Megan Mack

Connections Executive Producer

Megan Mack is the executive producer of "Connections with Evan Dawson" and live/televised engagement programming. She joined the WXXI News team from WHEC-TV, where she produced newscasts and "The Olympic Zone," and from the University of Rochester, where she served as an assistant director of public relations. Her background extends to television sports and entertainment, and to communications and social media management for non-profits.

Megan earned her B.S. in Television-Radio-Film from the S.I. Newhouse School of Public Communications, and her B.A. in Italian Language, Literature, and Culture from the College of Arts and Sciences at Syracuse University. She is also a graduate of The Second City’s Conservatory program.

Ways to Connect

*This hour was interrupted by NPR's coverage of a White House press conference, which led to an abbreviated discussion.

We look at the digital divide -- a serious problem on any day in America, and especially so during a pandemic. But what can be done?

County legislators are looking at ways to bring more connectivity to everyone. They're looking at what it would take to do a municipal internet network. It's not simple, but it's important, and some lawmakers have come to look at the problem as a civil rights issue.

Our guests are Monroe County legislators:

freeimages.com/Shamseer Sureach Kumar

First hour: What would it take to create a municipal internet network in Monroe County? (*WXXI will air NPR's coverage of the White House press conference at the top of this hour.)

Second hour: Discussing the value of doing work that will outlive us

Teachers and parents across Monroe County had to act quickly last week when the county ordered all schools to close. They’ve developed lessons and curricula that can be taught remotely.

This hour, we talk with teachers and parents about the work they are doing, the buy-in from students so far, and their recommendations for families who will be educating kids from home for the foreseeable future.

We also discuss WXXI’s new Learn at Home programming – a special education television block in support of families, educators, and students. Our guests:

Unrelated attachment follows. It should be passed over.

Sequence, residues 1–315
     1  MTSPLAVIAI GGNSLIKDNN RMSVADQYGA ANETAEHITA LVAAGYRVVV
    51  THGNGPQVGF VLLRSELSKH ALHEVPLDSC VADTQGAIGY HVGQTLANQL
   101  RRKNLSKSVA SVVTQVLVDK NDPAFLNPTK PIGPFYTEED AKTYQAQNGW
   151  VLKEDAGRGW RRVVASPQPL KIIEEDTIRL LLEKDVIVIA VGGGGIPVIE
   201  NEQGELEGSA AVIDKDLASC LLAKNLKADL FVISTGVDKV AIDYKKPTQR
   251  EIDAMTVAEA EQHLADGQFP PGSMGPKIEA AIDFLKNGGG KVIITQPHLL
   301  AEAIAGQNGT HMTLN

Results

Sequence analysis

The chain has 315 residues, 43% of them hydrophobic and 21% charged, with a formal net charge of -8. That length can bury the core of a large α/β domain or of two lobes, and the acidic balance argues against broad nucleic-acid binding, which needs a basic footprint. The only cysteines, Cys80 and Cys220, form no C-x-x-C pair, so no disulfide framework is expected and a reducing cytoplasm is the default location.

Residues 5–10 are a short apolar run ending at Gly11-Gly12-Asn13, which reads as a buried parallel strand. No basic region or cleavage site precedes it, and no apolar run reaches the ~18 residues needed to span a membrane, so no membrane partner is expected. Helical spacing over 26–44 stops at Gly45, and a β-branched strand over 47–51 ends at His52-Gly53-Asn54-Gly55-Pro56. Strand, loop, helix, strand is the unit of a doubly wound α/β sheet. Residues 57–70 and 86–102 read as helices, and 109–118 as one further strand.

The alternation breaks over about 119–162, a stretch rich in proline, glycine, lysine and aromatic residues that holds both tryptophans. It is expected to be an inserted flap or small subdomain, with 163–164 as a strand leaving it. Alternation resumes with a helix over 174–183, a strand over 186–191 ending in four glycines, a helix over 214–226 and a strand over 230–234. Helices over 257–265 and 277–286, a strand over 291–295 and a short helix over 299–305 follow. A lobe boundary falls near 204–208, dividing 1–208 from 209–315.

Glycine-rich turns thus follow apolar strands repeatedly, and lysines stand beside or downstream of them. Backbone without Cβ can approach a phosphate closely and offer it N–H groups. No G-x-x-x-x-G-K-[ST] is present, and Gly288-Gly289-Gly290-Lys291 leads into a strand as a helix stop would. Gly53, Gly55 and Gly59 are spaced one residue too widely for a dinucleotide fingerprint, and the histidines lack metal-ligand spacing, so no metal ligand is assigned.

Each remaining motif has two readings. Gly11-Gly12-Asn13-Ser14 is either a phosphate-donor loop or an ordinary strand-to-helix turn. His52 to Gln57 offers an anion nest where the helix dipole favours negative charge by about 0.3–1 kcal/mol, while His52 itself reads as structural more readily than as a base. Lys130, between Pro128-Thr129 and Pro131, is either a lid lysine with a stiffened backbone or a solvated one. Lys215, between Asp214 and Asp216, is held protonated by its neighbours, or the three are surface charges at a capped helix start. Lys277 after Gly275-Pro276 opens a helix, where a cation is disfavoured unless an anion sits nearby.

• Marion French, vice president of education and interactive services at WXXI
  • Cara Rager, manager of education training and family engagement at WXXI
  • Erica Davis, music teacher at Williamson Central School District, and parent of three children
  • Kristin Loftus, math coach at Renaissance Academy Charter School of the Arts, and parent of two children

First hour: How to disagree better politically (*This hour was preempted due to the White House press briefing. It will be rescheduled for March 27 at noon.)

Second hour: Discussing how to educate students at home during the coronavirus pandemic


Due to the coronavirus pandemic, all libraries in the Monroe County Library System are closed to the public. The libraries have adjusted services, with staff will be available online at http://libraryweb.org and by phone at 585-428-7300 from 9 a.m. to 5 p.m., Monday through Friday.

We discuss National Safe Place Week. Safe Place programs across the country help teens in crisis find a place to stay and connects them with resources in a variety of areas. Rochester’s Center for Youth is a Safe Place partner, and it works with entities across the community to help teens in need.

This hour, we’re joined by leaders from the program and its partners to discuss how it works and its impact. We also address how it is responding to the coronavirus pandemic. Our guests:

First hour: Infectious disease physicians discuss what we should know about COVID-19 (*This hour was preempted due to a White House press conference.)

Second hour: Discussing National Safe Place Week

We continue our series of conversations about the impact of the coronavirus. This hour, we talk to local small business owners about their concerns. Some have temporarily shut down their operations, others are cancelling their events and weighing their options. They’re expressing frustrations and fear about economic pain and the path going forward.

We talk with them about the difficult decisions they have to make, and what they’d like to see in terms of policies and relief from different levels of government. Our guests:

Local musicians from underrepresented communities say it can be difficult to make their mark on Rochester’s music scene, particularly because there are so many cover bands in town. They argue that original music doesn’t get the love and attention it deserves, especially if it comes from marginalized communities.

We discuss the issue from a number of angles with local musicians. Our guests:

*This episode of Connections begins with an update on the coronavirus pandemic from WXXI health reporter, Brett Dahlberg.

Danielle Ponder and the Tomorrow People

First hour: Discussing what it takes for musicians of color to break into Rochester's music scene

Second hour: How the coronavirus pandemic is affecting small businesses